Materials and Methods

Cell culture and platelet-mediated transformation of human mtDNA-lacking cells

The rho0 cells derived from human 143B osteosarcoma cells rendered defective in thymidine kinase activity by long-term exposure to ethidium bromide were a gift from Y.-H. Wei from the National Yang-Ming University in Taiwan. The cells were grown in Dulbecco’s modified Eagle’s medium (DMEM) supplemented with 5-bromo-2′-deoxyuridine (100 mg/ml) (Sigma-Aldrich), uridine (50 μg/ml) (Sigma-Aldrich), and 10% fetal bovine serum (FBS). Southern blot analysis and PCR amplification of mtDNA target sequences confirmed the absence of residual mtDNA. With the use of platelets as mtDNA donors, cybrid cells were produced as described previously (33). Briefly, the platelet-rich fraction was separated by centrifugation from the blood sample of a diabetic patient with sensorineural hearing loss and harboring mutated mitochondrial tRNALeu (A3243G), and 143B rho0 cells were added to this fraction. Fusion was carried out in the presence of 42% polyethylene glycol 1500 (Sigma-Aldrich). By limiting dilution of cellular fusion products, we isolated cybrid clones with 3243A homoplasmy (W), 3243G homoplasmy (M), and 3243A/G heteroplasmy (H). These clones were confirmed by PCR-RFLP analysis and direct sequencing. To assure a complete repopulation of mtDNA, we carried out functional assessment of the selected clones after 3 months of successive subcultivation. For consistent analysis, we used cybrid cells in passages 16 to 18.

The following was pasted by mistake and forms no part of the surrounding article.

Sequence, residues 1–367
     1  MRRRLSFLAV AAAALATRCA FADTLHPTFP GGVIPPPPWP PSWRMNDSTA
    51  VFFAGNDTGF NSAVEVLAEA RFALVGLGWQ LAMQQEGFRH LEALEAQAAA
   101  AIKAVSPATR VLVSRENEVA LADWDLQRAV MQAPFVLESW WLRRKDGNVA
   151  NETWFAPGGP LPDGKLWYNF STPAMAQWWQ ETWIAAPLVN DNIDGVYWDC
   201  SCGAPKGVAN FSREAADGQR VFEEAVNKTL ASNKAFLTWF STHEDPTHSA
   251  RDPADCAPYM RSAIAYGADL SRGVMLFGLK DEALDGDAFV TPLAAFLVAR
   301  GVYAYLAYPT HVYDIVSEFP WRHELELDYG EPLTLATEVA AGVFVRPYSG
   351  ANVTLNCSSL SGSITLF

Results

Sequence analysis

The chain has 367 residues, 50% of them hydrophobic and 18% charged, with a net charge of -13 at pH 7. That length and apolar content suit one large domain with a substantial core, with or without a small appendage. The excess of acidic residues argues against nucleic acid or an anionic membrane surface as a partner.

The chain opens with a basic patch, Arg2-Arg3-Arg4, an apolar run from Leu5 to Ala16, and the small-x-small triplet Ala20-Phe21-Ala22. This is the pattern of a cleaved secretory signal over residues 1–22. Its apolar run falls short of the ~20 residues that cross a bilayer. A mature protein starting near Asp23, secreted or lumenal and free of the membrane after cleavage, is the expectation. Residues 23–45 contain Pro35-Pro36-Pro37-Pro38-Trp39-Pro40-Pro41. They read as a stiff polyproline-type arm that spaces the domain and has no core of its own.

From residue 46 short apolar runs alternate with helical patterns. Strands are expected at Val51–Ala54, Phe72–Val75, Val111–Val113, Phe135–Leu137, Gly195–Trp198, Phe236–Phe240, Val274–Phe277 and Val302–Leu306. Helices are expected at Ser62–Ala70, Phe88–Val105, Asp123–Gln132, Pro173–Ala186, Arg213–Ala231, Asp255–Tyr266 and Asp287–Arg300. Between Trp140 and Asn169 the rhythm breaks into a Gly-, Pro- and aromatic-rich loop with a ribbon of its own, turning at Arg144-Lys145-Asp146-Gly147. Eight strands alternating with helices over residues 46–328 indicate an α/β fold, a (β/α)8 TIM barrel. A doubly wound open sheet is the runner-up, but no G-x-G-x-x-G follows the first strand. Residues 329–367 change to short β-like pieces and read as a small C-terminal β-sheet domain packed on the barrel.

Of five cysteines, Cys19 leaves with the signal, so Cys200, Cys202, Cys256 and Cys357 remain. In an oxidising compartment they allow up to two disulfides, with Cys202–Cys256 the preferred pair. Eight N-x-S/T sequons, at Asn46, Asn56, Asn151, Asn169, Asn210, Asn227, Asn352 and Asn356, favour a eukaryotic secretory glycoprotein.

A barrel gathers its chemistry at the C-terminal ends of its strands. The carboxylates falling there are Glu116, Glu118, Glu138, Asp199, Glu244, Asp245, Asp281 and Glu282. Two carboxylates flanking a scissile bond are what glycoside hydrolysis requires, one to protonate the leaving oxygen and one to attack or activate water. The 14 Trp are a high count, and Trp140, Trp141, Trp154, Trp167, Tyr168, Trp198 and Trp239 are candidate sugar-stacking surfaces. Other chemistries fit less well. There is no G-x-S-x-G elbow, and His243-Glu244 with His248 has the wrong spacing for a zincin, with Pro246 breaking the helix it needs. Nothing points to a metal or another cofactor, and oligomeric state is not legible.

To determine the amount of mutant DNA in the cybrid cells, we mixed wild-type and mutant DNA to generate heteroplasmic samples of 0, 20, 40, 60, 80, and 100%; quantified the intensities of the band in individual heteroplasmic samples by densitomety; and then generated a standard curve with the mutant DNA percentages and their intensities. Using the standard curve, we quantified the mutant DNA percentage for the measured intensity in cybrid cells.

Measurement of oxygen consumption

The suspension of 1 × 105 cells in DMEM was added to 96-well BD Oxygen Biosensor System plate (BD Biosciences). The plate was incubated for 30 min at 37°C in 5% CO2 incubator. The oxygen consumption was measured by VICTOR3 Multilabel Plate Reader (PerkinElmer) with an excitation wavelength of 485 nm and an emission wavelength of 630 nm.